It was the hardness that surprised me. That something so light and fleeting could pack down into a dense lump of ice, hard enough to get a yelp out of whoever you threw it at. I noticed that my gloves were getting wet. The dry-looking snow was deceitful in its appearance, and the coldness seeped into my hands as I eagerly scraped the bonnet of the car, rolling the powder between my hands. I stared into the middle of the ball, past the billion crystals glittering at me, trying to divine some hidden meaning ... as a snowball sailed past my right ear. Maëlstrom was creeping forward into my territory, pushing a wheely bin in front of him as the first line of defence. Laughing, I pegged my newly formed missile at his exposed elbow and completely missed, showering the wall behind him in a spray of white ice. Two seconds later I cracked up again as Joris nailed me on my right side with a well-aimed throw. I couldn't complain, I'd started it.
We'd come tumbling out of the gym after training to find that the snow had just started, unexpected and unannounced. "Il neige! Il neige!" I cried, cackling with uncontrollable laughter and clapping my hands. "Aaaah il neige!" I hopped around between my friends as they looked up to the sky unhappily; declaring "Its snowing!" over and over again, my face a description of rapture.
My enthusiasm drew smiles from the girls, and puzzled expressions from some of the guys. Players on the newly formed men's league, our adopted brothers, they knew I was foreign but didn't know just how. "She's not used to the snow" the girls explained fondly. I tipped my head back with my mouth wide open to catch the enormous snowflakes that with time were not falling, but hurling themselves down onto the Earth. In the space of minutes the landscape was covered in white, the hoods of our jackets full, our ill-chosen footwear becoming soaked. While everyone else was hunkering down, wrapping scarves ever-tighter, and muttering swear-words, I was wide open: dancing around with my arms stretched out to catch as much as I could, letting the flakes patter like tiny rabbit footsteps on my hair, my face, my shoes.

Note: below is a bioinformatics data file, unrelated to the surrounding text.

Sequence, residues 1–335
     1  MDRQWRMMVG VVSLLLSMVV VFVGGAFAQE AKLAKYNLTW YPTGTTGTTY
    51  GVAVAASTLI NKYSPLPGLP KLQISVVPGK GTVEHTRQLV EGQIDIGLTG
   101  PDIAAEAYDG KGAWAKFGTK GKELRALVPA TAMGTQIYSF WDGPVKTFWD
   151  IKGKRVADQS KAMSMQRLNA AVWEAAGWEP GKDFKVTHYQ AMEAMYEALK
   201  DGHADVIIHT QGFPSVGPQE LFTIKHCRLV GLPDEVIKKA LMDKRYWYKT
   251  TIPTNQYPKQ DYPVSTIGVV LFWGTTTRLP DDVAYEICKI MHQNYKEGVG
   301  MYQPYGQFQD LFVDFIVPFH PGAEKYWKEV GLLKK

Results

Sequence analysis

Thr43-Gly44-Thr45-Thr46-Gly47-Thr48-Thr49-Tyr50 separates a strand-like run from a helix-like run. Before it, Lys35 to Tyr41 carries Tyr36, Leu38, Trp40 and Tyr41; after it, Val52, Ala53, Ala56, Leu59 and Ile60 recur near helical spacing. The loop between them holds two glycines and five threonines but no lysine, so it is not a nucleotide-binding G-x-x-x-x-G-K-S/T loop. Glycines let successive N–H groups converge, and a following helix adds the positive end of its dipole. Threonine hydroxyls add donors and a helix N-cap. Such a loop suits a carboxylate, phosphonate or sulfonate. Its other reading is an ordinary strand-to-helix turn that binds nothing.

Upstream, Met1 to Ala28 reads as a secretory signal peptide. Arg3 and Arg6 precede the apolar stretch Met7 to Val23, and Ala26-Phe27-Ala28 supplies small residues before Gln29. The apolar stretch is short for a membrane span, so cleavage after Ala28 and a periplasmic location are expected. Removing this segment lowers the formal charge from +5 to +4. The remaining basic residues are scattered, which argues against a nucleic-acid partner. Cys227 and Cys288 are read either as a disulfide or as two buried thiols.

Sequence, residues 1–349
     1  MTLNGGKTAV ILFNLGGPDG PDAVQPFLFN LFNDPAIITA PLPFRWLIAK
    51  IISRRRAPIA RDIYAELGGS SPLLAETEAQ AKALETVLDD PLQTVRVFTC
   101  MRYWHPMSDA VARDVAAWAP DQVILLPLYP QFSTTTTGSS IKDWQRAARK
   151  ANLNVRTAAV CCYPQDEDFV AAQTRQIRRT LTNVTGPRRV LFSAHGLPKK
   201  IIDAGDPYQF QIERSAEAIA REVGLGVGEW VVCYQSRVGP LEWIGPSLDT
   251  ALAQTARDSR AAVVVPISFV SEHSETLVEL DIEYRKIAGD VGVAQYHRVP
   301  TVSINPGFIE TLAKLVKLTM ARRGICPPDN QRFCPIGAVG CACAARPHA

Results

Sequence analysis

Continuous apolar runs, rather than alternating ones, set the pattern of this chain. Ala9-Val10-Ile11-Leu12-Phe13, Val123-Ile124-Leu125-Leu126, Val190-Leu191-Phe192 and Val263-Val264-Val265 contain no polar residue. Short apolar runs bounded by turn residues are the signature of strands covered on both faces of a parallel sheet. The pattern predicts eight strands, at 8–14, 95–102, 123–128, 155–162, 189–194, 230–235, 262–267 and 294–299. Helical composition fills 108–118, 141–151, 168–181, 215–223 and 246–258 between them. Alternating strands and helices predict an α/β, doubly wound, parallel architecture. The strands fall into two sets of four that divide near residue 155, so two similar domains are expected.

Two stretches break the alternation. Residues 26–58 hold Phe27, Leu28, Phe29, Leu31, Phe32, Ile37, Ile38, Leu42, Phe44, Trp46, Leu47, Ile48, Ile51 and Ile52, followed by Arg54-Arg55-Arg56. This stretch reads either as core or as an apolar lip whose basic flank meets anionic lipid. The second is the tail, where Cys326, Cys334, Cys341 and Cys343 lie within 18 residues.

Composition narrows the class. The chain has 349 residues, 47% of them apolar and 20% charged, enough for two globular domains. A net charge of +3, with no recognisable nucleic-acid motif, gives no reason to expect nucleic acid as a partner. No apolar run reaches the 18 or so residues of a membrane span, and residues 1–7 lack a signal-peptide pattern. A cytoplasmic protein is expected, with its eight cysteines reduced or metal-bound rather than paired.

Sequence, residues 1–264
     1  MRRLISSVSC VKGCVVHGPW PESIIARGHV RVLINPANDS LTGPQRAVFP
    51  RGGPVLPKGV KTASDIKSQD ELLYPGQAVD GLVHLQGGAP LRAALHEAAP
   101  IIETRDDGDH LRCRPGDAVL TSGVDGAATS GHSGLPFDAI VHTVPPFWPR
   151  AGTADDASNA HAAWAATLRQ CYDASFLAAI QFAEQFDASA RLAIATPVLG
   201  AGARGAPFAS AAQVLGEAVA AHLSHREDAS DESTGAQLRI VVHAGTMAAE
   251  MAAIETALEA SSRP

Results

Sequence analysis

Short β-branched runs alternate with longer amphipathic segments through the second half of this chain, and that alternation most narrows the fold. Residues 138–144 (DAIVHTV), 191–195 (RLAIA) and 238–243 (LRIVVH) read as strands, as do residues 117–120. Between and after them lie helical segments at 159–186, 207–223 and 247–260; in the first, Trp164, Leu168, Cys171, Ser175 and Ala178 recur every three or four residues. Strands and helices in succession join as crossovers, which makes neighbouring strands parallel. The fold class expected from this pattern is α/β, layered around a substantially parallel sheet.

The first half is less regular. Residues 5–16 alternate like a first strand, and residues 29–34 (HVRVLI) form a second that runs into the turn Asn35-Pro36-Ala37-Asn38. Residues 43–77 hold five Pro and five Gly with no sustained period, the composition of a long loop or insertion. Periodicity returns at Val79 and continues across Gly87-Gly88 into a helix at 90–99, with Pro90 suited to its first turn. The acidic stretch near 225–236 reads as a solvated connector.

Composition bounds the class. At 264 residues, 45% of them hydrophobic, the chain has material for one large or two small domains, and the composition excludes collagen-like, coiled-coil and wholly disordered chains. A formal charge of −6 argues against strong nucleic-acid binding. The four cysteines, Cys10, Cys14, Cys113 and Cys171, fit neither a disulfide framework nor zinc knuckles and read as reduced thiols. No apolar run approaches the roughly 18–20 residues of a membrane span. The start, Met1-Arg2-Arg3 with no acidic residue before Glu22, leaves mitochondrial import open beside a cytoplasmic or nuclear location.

I hope I never get used to the snow. It's strangeness thrills me so deeply.
Last week I stood mesmerised, mid-task, with a steaming cup of tea in my hand to watch a thousand million tiny flakes dancing around outside the window of my soon-to-be vacated room. I would follow a flake, watch it prance and spin in an unpredictable wind-blown pattern, between and around a thousand of its sisters. It would hit a pocket of dead air and begin to fall, fall, fall, before being caught in a new gust of wind and thrown sky-ward again, like a swing dancer doing aerials. Less organised than a flock of startling, or a shoal of silver pin-like fish, these flakes seemed to follow uncountable different paths and dance-steps, swooping this way and that, tricking my eye and eluding my gaze over and over again. Some flakes seemed destined to float forever, lighter than the air around them, never landing.
I share my incredible discovery at a late night soirée, and my dark-eyed friend agrees "Yes, sometimes it's like... how do you say...." he moves his hand through the air sensually, like a conductor "plumes... feathers". I imagine someone ripping open a goose-down doona way up on high, shaking it out over us all.
My northern-hemisphere friends marvel at my snow-innocence. That picture from the top? That's me, taken the moment I saw it fall for the first time. It was 2011. I'd rushed outside after thrusting a birthday gift upon my friend, my words falling over each other as I apologised for my haste "I've gotta go back outside, it's snowing!". Banana, as seasoned at snow as any German, came as spectator, capturing that immortal photograph. The face I've got on then: astonished glee, is the same one have worn every time since.